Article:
Plaintiffs also contend that Defendants did not, prior to March 2002,*fn5 adequately inform TRIP participants and beneficiaries as to whether they could transfer funds out of the NS Stock Fund. Defendants argue that there is no duty to inform TRIP participants and beneficiaries of a right they did not have. (Def. Reply at 16). Taking Plaintiffs contention to its logical end, Plan sponsors would be required to anticipate any possible right a plan participant or beneficiary might believe they had and affirmatively negate it within the plan's documents in order to meet their fiduciary burden.*fn6 This goes too far. Neither Congress nor the courts have suggested that fiduciaries must affirmatively state what rights plan participants and beneficiaries do not have. Such a requirement is far beyond even the broad spectrum of duties encompassed by ERISA's duties of prudence, diversification and loyalty. ERISA requires Plan sponsors and administrators to "reasonably apprise . . . participants and beneficiaries of their rights and obligations under the plan." 29 U.S.C. § 1022(a). The TRIP documents state clearly that all contributions must be invested in the NS Stock Fund. There is no breach in fiduciary duty by the TRIP fiduciaries in not telling plan participants that such contributions must remain in NS Stock Fund.

  3. ERISA's Duty of Prudence

  In Count III of the Plaintiffs' Amended Complaint, Plaintiffs allege that TRIP fiduciaries failed to meet their fiduciary duty of prudence by allowing TRIP funds to continue to be invested in the NS Stock Fund when the fiduciaries were well aware of the undiversified Page 13 nature of the Fund. (Pl. Am. Compl. ¶ 71). Under the prudence requirement of ERISA, fiduciaries must act "with the care, skill, prudence and diligence under circumstances then prevailing that a prudent man acting in a like capacity and familiar with such matters would use in the conduct of an enterprise of a like character and with like aims." 29 U.S.C. § 1104(a)(1)(B). This can include diversifying a plan's assets when such diversification would be prudent. ERISA, however, provides an exemption from this diversification requirement for plan fiduciaries when managing EIAPs in accordance with plan directives:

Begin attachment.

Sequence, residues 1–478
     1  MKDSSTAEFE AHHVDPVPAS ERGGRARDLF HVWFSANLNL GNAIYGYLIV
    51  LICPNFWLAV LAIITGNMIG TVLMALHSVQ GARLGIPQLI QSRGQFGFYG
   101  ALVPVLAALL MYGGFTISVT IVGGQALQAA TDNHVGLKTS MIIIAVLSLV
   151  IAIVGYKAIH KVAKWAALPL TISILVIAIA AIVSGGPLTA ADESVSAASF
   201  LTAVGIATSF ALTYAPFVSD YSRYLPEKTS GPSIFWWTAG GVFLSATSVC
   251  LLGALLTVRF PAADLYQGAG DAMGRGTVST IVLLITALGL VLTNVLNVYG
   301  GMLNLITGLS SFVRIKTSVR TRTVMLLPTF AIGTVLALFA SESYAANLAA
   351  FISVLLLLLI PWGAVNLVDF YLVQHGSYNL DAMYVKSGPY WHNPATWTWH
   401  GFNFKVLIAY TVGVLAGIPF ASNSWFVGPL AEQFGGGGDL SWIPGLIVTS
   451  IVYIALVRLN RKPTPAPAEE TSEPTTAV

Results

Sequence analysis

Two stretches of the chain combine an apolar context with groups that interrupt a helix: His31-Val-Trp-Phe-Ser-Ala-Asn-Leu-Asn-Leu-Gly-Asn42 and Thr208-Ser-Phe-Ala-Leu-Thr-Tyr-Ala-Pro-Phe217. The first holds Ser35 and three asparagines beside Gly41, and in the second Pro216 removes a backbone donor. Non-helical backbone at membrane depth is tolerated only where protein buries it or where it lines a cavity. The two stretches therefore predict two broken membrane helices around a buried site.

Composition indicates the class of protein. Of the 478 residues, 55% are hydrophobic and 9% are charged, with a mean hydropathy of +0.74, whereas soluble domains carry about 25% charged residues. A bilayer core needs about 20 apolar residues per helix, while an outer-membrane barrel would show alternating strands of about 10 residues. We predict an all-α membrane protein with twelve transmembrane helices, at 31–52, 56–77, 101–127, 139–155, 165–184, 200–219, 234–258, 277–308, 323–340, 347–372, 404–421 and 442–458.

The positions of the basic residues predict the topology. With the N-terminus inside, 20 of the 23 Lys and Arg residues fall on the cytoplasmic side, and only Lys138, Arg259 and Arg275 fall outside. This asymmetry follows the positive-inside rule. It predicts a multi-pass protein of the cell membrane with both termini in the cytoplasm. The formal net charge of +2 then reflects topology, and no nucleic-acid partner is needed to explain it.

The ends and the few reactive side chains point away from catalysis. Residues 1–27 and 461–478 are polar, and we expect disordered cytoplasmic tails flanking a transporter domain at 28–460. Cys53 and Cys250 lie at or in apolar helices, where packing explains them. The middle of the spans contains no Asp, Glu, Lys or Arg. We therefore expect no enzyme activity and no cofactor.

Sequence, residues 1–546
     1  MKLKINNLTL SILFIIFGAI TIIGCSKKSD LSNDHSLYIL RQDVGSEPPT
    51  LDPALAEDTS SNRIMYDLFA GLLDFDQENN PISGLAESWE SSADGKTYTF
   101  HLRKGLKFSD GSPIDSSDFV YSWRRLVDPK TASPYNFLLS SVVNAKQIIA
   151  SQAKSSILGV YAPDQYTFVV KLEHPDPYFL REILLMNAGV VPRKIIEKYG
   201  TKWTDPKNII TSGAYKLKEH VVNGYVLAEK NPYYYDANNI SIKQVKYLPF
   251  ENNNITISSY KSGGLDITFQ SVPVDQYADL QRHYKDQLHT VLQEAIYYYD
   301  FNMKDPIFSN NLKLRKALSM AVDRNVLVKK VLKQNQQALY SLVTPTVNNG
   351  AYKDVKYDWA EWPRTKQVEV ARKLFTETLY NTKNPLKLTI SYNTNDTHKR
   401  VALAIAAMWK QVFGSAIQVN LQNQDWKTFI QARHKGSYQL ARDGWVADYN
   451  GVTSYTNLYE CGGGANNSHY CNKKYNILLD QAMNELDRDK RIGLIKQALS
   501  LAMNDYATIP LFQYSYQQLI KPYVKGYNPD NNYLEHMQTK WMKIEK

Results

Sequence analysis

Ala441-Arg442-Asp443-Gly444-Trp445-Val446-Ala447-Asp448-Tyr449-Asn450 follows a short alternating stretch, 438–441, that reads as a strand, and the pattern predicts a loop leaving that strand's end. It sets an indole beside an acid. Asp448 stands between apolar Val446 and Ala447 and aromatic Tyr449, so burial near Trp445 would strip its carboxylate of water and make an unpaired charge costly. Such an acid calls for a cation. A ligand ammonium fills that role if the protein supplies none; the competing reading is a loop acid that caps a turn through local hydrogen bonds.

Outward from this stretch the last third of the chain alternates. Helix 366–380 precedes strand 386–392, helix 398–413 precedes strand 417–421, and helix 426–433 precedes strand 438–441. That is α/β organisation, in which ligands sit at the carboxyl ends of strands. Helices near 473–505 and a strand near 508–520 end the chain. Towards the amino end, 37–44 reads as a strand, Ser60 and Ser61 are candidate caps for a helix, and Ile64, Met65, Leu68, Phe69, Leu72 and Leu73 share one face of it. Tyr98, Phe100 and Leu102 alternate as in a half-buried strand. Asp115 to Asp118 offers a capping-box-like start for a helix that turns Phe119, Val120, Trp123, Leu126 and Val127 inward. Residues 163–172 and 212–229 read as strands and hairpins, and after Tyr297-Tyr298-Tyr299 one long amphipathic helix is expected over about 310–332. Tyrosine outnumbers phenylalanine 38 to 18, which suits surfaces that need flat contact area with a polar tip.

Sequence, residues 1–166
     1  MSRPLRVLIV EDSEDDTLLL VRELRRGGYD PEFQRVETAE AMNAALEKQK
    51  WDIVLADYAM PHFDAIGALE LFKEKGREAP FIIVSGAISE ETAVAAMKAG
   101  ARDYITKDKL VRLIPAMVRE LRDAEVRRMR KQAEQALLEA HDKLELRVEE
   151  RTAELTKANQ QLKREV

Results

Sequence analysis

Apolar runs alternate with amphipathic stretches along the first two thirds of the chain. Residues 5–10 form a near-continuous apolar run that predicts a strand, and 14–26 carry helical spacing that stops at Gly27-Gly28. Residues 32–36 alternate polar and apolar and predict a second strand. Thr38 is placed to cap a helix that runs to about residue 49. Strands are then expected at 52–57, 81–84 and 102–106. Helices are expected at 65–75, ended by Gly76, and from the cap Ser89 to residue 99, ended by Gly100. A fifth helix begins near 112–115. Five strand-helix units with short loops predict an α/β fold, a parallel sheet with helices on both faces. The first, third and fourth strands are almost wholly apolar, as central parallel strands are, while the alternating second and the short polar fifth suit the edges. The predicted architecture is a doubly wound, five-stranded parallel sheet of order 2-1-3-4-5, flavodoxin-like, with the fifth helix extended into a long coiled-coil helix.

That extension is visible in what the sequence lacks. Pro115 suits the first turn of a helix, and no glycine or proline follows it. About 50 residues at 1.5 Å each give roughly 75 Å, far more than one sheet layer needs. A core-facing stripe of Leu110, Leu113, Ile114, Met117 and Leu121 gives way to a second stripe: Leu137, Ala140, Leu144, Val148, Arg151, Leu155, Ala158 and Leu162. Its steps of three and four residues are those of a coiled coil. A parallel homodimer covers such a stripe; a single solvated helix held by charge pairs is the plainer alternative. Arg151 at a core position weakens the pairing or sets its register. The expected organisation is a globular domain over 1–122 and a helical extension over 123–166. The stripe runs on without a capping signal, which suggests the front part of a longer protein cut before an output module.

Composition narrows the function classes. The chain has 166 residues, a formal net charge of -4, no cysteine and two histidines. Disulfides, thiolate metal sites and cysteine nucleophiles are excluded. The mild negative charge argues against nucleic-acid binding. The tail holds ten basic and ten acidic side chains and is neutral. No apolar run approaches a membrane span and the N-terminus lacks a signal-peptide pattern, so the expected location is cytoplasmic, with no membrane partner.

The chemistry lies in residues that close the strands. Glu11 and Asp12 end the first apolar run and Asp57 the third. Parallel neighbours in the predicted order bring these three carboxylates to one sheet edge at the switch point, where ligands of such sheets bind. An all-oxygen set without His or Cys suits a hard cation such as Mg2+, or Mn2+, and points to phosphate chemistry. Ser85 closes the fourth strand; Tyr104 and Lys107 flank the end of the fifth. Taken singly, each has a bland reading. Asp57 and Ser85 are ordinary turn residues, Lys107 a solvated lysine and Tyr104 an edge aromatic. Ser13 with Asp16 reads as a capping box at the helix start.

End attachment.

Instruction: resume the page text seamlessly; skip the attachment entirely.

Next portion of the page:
In the case of an eligible individual account plan . . . the diversification requirement of paragraph (1)(C) and the prudence requirement (only to the extent that it requires diversification) of paragraph (1)(B) is not violated by acquisition or holding of qualifying employer real property or qualifying employer securities [this includes employer stock].
29 U.S.C. § 1104(a)(2) (2002).

  In other words, fiduciaries may permit EIAPs to hold employer securities or real property over the usual 10 percent limitation, without violating their duty of prudence. This does not mean that there can never be a breach of the fiduciary duty of prudence by holding employer securities above the limitation, only that failure to diversify on its own, does not trigger a breach. There are certainly cases where fiduciaries have been liable for failure to divest a plan of employer securities after it was clearly prudent to do so.

  Under the Third Circuit's decision in Moench v. Robertson, 62 F.3d 553 (3d Cir. 1995), the court should review fiduciary actions that are in conformity with the plan, under an abuse of discretion standard. Moench, 62 F.3d at 571 ("[A]n ESOP fiduciary who invests the assets in employer stock is entitled to a presumption that is acted consistently with ERISA by Page 14 virtue of that decision. However, the plaintiff may overcome that presumption by establishing that the fiduciary abused its discretion by investing in employer securities."). The Plaintiffs first argue that Moench is inapplicable because the case concerned an ESOP instead of a 401(k) profit sharing plan identical to the one in the TRIP. This is incorrect. The Third Circuit based the Moench presumption on the law of trusts "which provide[s] that `where discretion is conferred upon the trustee with respect to the exercise of a power, its exercise is not subject to control by the court, except to prevent an abuse by the trustee of his discretion.'" Moench, 62 F.3d at 566 (quoting Restatement (Second) of Trusts § 187). Therefore, the distinction between ESOP & other types of EIAPs, such as profit sharing plans and savings plans, is irrelevant.